VICP covers most vaccines given routinely in the U.S., including flu vaccines. Injuries related to the flu vaccine that are covered by the compensation program include anaphylaxis, shoulder injury related to vaccine administration (SIRVA), vasovagal syncope and Guillain-Barré syndrome.
Anaphylaxis (Severe Allergic Reaction)
The VICP defines anaphylaxis as “an acute, severe and potentially lethal systemic reaction that occurs as a single discrete event with simultaneous involvement of two or more organ systems.” In other words, anaphylaxis is a severe, life-threatening allergic reaction that needs to be treated right away.
Warning signs and symptoms of anaphylaxis usually emerge minutes to a few hours after vaccination. For purposes of compensation, the reaction must start within four hours of receipt of the flu vaccine.
Signs and symptoms of anaphylaxis include:
- Hives and itching
- Skin reactions and discoloration
- Low blood pressure
- Swollen tongue or throat with wheezing and trouble breathing
- Abnormally slow or rapid heartbeat
Most cases don’t result in long-term, negative aftereffects; however, death is possible. If death occurs it’s usually the result of a blocked airway caused by swelling of the larynx (the voice box) or sudden constriction of the muscles in the walls from the nose or mouth to the air sacs of the lungs. Death can also result from sudden loss of blood flow to the brain and other organs, known as cardiovascular collapse.
Shoulder Injury Related to Vaccine Administration (SIRVA)
Some people experience pain in the arm and shoulder in which the vaccine was given. If pain or weakness occurs within 48 hours of vaccination, then the patient may be eligible for compensation through the VICP.
Brachial Neuritis Pains
If pain or weakness occurs within 48 hours of vaccination, then the patient may be eligible for compensation through the VICP.
A shoulder injury related to the flu vaccine known as brachial neuritis is a VICP-covered injury. This condition is characterized by inflammation of the brachial plexus, which is network of nerves that start near the neck and shoulder. It usually starts with a deep, steady and often severe pain in the shoulder and upper arm followed by weakness and possibly sensory loss. Brachial neuritis can also make it difficult to move the arm and/or shoulder and can cause the muscle to waste away. These symptoms may affect the side in which the flu shot was given, the side opposite the injection or both.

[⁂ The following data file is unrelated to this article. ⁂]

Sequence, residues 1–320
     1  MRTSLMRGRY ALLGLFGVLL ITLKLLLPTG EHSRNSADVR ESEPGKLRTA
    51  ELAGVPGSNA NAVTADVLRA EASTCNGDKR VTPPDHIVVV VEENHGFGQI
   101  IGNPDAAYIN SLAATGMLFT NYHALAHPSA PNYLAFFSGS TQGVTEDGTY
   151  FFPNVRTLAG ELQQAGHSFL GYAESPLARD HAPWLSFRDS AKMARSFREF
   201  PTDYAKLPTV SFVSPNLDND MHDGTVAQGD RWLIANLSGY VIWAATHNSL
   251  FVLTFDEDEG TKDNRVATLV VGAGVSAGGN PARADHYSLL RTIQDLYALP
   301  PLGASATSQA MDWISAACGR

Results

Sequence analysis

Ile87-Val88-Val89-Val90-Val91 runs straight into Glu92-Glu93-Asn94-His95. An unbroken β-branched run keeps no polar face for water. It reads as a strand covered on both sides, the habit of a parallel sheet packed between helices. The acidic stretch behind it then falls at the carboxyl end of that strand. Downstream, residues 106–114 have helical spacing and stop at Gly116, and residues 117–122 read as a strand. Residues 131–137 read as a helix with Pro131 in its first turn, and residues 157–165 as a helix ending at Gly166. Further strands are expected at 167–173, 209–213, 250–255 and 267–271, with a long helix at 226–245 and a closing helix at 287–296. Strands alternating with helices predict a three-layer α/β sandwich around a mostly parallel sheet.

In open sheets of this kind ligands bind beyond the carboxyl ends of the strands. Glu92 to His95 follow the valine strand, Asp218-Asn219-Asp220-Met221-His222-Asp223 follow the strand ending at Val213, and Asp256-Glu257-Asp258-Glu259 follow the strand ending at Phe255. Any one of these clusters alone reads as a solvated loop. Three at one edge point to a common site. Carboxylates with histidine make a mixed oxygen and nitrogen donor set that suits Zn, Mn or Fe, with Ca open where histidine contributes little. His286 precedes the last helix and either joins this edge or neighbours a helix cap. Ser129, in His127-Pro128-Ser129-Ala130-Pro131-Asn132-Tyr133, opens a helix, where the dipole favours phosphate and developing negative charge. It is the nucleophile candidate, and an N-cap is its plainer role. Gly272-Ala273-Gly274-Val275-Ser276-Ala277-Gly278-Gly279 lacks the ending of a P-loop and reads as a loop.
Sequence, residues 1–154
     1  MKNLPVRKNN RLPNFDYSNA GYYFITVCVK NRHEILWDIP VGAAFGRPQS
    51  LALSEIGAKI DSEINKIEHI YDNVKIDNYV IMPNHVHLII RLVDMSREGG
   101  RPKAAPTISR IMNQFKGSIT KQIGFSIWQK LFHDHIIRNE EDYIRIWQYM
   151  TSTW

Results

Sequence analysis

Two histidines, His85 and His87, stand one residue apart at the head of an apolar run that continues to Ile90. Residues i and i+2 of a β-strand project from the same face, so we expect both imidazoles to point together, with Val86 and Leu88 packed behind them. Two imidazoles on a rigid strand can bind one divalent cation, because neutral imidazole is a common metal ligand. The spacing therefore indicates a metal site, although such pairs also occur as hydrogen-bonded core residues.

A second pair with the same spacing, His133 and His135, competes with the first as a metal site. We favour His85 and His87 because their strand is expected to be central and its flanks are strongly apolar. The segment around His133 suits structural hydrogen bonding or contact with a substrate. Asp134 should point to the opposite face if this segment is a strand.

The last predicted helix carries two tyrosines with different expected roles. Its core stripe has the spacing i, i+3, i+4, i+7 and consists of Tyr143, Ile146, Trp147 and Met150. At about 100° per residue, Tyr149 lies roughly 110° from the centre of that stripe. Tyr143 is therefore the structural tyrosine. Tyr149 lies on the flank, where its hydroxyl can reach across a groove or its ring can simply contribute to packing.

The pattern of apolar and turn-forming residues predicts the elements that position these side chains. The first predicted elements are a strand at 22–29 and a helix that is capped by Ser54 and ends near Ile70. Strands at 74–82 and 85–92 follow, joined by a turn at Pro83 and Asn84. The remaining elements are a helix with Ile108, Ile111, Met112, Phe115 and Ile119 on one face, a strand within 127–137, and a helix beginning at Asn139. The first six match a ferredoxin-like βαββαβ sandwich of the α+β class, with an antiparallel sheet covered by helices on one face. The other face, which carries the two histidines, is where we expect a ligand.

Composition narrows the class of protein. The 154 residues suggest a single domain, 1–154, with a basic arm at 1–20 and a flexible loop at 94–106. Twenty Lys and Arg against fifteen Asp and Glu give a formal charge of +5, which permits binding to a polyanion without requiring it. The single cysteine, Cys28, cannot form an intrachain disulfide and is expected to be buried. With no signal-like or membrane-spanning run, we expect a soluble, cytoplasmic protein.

Vasovagal Syncope (Fainting)
Another potential reaction to the flu vaccine is vasovagal syncope, the most common type of fainting. Anyone who faints within one hour of getting the flu vaccine may be eligible for compensation through VICP.
Vasovagal syncope may lead to falling and injury with significant long-term aftereffects. People may become pale and experience nausea, lightheadedness and sweating before fainting. It may be also accompanied by temporary seizure-like activity.
For purposes of compensation, loss of consciousness resulting from the following conditions will NOT be considered vasovagal syncope:
- Organic heart disease
- Transient ischemic attacks
- Metabolic conditions
- Cardiac arrhythmias
- Neurological conditions
Guillain- Barré syndrome (GBS) is a potentially life-threatening, rare condition in which a person’s immune system attacks the peripheral nerves. People with GBS should be treated and monitored, and may need intensive care. GBS starts with weakness or tingling sensations in the legs and can spread to the arms and face. Symptoms can cause paralysis of the legs, arms, face muscles and chest muscles. It can make it hard to breathe, speak and swallow.
Most people recover fully, some continue to experience weakness and as many as 5 percent of GBS patients die from complications, which can include paralysis of the muscles that control breathing, blood infection, lung clots or cardiac arrest.
If GBS emerges between three and 42 days following flu vaccination, then the patient may be eligible for compensation through the VICP.
The following four subtypes of GBS are also covered by the VICP:
- Acute inflammatory demyelinating polyneuropathy (AIDP)
- Acute motor axonal neuropathy (AMAN)
- Acute motor and sensory neuropathy (AMSAN)
- Fisher syndrome (FS), also known as Miller Fisher Syndrome
Emily Miller holds five Health Literacy certificates from the Centers for Disease Control and Prevention as well as a Bachelor of Science in Journalism from the University of Florida. She is a member of The Alliance of Professional Health Advocates, the American Association for the Advancement of Science and the Society for Technical Communication. Emily was diagnosed with a chronic illness as a child and has firsthand experience with many of the topics she writes about as a member of the Drugwatch team. She is an award-winning journalist who has reported on health and legal news for reputable organizations, including the South Florida Sun Sentinel, San Antonio Express-News, UF Health News and Reporters Committee for Freedom of the Press. She draws on her background as both a patient and a journalist to help readers understand complex health and legal topics.